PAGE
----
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St. Patrick: Why His Message Still Matters

0317patrick-irelandEbayMarch 17 is upon us again, and all over the world everyone is an honorary Irishman or Irishwoman for 24 hours. St. Patrick’s popularity is a result of the wanderlust of the Irish, and there is no corner of the world in which his name is not honored.

Yet, if his name is known, his story is less familiar and his message often gets drowned out by the parades, the plastic shamrocks and the green-dyed beer.

The little knowledge we have of him comes from two letters he wrote in the course of his missionary work in fifth-century Ireland.

In one, he fearlessly condemns a warlord who carried off some of his converts into slavery. The other document, known as his “Con­fession,” gives a moving account of his conversion and his work as a minister of the Gospel.

Patrick was born in the year 389 into a  comfortable Christian background in Roman-occupied Britain. Like others, he took his family, his faith and his good fortune for ­granted.

All this changed when a group of Irish raiders captured him and sold him and his young companions into slavery. Snatched from the comfort of his Roman villa, he found himself herding sheep and fending off wild animals on the side of an Irish mountain.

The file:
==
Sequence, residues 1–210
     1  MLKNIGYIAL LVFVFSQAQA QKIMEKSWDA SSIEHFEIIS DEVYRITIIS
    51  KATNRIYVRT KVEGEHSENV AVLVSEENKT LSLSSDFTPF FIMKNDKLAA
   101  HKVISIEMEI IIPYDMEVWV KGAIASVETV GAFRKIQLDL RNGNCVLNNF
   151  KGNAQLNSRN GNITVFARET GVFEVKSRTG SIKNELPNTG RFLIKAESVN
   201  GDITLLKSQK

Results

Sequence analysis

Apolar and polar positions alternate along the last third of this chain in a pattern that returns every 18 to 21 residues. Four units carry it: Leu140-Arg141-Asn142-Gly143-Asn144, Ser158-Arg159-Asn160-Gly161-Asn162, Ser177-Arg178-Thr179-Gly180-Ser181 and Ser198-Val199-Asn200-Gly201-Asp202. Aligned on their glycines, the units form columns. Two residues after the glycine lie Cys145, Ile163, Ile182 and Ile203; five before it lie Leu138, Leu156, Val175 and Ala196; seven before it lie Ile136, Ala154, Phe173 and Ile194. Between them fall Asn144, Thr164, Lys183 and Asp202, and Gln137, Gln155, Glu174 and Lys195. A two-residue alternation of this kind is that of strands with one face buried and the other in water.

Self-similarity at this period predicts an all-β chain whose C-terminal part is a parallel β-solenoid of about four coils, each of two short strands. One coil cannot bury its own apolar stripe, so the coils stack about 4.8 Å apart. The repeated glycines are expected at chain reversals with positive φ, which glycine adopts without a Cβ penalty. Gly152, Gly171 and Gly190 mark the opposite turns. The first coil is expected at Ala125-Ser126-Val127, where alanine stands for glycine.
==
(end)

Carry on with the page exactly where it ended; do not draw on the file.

Exiled, abused and exploited, Patrick turned to Christ in his desperation, and the relationship of faith that followed transformed his own life and the lives of the Irish people.

Escaping from captivity, he returned to his family and became a priest.

He would perhaps have settled into a comfortable clerical career had it not been for a dream in which he heard the “voice of the Irish” begging him to “come and walk once more amongst us.” This he took as a summons to return and proclaim the freedom of Christ in the land of his captivity. It was a courageous decision and one that demanded all his reserves of courage and forgiveness.

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